About ten days ago, we went up into Mount Sutro Forest. There’d been a string of sunny days, the closest to summer that San Francisco gets.
The trails were dry and last month’s puddles were gone. Unusually, there’s no mud. (This does make for easier hiking.) The removal and thinning of the brush has clearly reduced the forest’s ability to capture and retain moisture.
Still – the vegetation everywhere was alive and green and growing. (Except, of course, in areas where it had been torn up and chipped. Or where vines had been cut off so they’d die and dry out.) We were pleased to see the “triple arch” on the South Ridge hadn’t been destroyed.
The denuded areas where UCSF performed its “urgent fire safety work” last month looked pretty dismal too. This area is near one of the water tanks. The understory has basically been removed, together with a lot of slender trees. This isn’t going to retain much moisture.
Elsewhere, the acacia trees that form the sub-canopy were flourishing. These trees fix nitrogen, and so help provide food for all the other plants of the forest, from the smallest grasses and flowers to the towering eucalyptus.
The blackberry understory – one of the best habitat shrubs for birds and other wildlife (including coyotes!) – was growing back from the last time it had been mowed down, and there were some flowers.
We’ve written before about this little shrine, a small shallow cave in the rocks beside a trail. When we first encountered it, back in 2009, it was a shrine to Ishi, the last of the Yahi tribe.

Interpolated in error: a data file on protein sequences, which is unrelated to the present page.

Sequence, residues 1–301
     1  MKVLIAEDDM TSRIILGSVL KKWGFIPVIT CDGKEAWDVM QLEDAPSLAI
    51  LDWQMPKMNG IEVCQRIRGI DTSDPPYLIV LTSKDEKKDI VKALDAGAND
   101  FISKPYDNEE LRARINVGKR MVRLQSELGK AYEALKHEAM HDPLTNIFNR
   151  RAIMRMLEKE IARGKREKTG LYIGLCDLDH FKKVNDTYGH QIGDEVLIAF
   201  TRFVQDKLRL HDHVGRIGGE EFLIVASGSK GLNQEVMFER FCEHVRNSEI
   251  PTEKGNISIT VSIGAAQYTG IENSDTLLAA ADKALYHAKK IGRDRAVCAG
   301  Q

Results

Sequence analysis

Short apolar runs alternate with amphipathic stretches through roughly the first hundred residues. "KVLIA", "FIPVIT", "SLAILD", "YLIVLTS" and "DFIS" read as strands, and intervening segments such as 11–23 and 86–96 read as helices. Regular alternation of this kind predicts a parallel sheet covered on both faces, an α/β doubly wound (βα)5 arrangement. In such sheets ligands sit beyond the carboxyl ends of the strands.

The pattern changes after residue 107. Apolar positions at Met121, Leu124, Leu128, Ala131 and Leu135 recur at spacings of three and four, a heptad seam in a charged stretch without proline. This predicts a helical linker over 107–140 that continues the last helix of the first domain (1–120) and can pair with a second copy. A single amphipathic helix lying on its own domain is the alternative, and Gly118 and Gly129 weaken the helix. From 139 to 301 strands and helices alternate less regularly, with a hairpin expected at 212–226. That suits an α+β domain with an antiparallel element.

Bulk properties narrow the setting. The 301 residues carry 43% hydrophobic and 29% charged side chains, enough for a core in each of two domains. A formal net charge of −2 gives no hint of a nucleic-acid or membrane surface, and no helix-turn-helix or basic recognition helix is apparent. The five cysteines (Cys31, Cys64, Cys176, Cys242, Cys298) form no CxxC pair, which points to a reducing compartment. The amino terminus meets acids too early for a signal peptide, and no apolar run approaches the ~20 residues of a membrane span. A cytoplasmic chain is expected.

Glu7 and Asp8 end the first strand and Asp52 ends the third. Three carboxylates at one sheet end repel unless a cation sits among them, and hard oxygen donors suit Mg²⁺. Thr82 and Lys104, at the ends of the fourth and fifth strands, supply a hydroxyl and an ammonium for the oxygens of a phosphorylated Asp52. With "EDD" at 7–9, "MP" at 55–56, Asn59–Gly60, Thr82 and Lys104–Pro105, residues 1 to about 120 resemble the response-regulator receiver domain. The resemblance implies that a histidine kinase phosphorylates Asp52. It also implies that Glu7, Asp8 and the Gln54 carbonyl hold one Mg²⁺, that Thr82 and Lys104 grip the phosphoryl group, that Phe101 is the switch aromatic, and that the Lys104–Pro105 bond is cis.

It remained that way for more than a year. But eventually, someone removed the picture that had stood on a little natural stone shelf. It remained empty for a while, and then it morphed into an eclectic, ever-changing little area.
It always felt like more than just a display of random items, and occasionally, we’d write about what we found there. A cairn of stones. An elephant and a fortune card. A tiny painting of a peace sign, and a mysterious box.
It’s been reorganized again. There’s a twig broom leaning on one side; someone’s put a lichen-covered twig in there. There’s a little white gnome, and on a sand-dollar, someone has written: Dying is believing that nothing stays on.
But what intrigued us most this time was not the human inputs into the shrine – but an interesting cobweb. It wasn’t the classical orb-weaver’s radial design – it looked like a pouch.
Naturalists at the California Academy of Science who looked at the photograph think it might belong to a “Bowl-and-Doily Spider.” This spider builds a two-part web: the bowl above, and a flat web, the doily, below. And it hangs out at the bottom of the bowl. This particular web, though, apparently had no one at home.
FAIRY GATES TRAIL
We walked to the Aldea campus by the Fairy Gates trail, which suffered in the “work” performed last month – most of the bushes that screened the campus from the trail and kept the sense of seclusion has been removed. Bushes below the path have also been cleared. It’s barer and drier. But still dramatic, with the small gap between the rocks to pass through.